• Those which involve non-supported software.
    • Those which involve equipment which is not owned or managed by Anderson University.
    • Those which violate copyright, licensing or other restrictions.

    • All requests will be worked on by an ITS employee until complete, or until an agreement is made between the user and the ITS employee on the level of completeness.
    • If a user has a question about the ITS employee who worked on their equipment or request, or the completeness of a request, please contact the Help Desk Manager. Student workers will be asked to return to complete the request to ITS standards.
    • If a request has not been completed to the user’s satisfaction, ITS asks that the user report that to the Help Desk Manager.  If this does not resolve the problem, please report that to the Director of Information Technology Services.

    Student Workers

    Information Technology Services employs a number of students to assist in our daily work.  These students bring a variety of skills and talents to our office and play a major role in our ability to complete our mission.  As such, they should be accorded same respect and courtesy given to full-time staff members.  


    At the same time, their primary reason for being at Anderson University is academic.  Matters concerning academics are placed above all other tasks.  Students are expected to perform to a high standard in the classroom.  If this standard is not met, a student’s hours may be reduced in order to assure academic success.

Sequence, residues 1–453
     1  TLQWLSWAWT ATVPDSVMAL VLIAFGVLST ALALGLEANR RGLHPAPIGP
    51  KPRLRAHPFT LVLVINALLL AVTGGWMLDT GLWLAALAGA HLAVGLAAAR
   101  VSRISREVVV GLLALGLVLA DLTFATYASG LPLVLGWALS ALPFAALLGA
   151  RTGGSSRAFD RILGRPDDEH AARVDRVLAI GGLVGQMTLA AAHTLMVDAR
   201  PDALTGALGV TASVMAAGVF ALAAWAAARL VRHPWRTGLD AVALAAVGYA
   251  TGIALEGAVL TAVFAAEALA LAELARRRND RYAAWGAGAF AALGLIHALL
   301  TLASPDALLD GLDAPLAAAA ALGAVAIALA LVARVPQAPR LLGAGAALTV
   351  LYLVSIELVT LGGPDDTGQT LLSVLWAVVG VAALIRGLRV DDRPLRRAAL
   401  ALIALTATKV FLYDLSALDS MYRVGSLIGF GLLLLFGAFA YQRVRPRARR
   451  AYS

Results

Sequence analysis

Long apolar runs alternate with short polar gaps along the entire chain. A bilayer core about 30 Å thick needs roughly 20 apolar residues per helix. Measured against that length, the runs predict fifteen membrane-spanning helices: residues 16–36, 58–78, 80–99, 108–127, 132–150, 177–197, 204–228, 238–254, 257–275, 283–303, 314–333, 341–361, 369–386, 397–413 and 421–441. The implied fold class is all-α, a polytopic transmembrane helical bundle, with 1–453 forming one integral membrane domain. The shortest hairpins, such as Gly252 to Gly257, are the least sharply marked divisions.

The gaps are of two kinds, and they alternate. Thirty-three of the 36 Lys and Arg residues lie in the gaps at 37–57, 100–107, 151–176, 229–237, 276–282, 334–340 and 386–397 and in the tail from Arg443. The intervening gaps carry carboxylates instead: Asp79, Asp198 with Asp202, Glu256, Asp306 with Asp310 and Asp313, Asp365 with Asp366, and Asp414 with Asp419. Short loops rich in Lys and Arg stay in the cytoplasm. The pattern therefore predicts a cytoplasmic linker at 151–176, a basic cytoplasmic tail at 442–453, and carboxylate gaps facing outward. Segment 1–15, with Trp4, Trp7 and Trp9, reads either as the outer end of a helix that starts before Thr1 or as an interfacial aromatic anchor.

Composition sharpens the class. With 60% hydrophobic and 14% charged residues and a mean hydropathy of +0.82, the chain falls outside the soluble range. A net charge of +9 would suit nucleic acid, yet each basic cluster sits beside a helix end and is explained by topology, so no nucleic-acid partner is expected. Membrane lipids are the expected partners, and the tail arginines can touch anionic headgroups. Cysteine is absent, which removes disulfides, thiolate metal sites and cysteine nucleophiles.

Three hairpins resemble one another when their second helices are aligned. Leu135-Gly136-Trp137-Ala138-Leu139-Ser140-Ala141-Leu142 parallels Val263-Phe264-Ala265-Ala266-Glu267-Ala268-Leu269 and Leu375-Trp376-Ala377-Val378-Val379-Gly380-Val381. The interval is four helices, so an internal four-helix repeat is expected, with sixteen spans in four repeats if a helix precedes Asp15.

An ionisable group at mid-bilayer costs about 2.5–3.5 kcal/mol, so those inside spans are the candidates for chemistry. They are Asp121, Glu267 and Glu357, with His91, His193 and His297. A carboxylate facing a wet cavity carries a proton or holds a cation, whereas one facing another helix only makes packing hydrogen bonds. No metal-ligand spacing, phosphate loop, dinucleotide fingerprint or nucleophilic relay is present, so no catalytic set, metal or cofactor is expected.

ITS views the employment of student workers as an extension of their educational process.  We provide an environment in which students put into practice what is learned in the classroom.  We expect the highest level of workmanship from all student employees, both related to the tasks they are assigned and in their dress, personal hygiene, and work habits.  

    Appendix D

    Anderson University Information Security Plan

    This Information Security Plan describes Anderson University’s safeguards to protect covered data and information.  These safeguards are provided to:

     Ensure the security and confidentiality of covered data and information;

    • Protect against anticipated threats or hazards to the security or integrity of such information; and
    • Protect against unauthorized access to or use of covered data and information that could result in substantial harm or inconvenience to any customer.


    This Information Security Plan also provides for mechanisms to:

    • Identify and assess the risks that may threaten covered data and information maintained by Anderson University;
    • Develop written policies and procedures to manage and control these risks;
    • Implement and review the plan; and
    • Adjust the plan to reflect changes in technology, the sensitivity of covered data and information and internal or external threats to information security.



    Identification and Assessment of Risks to Customer Information
    Anderson University recognizes that it has both internal and external risks. These risks include, but are not limited to:

    • Unauthorized access of covered data and information by someone other than the owner of the covered data and information
    • Compromised system security as a result of system access by an unauthorized person
    • Interception of data during transmission
    • Loss of data integrity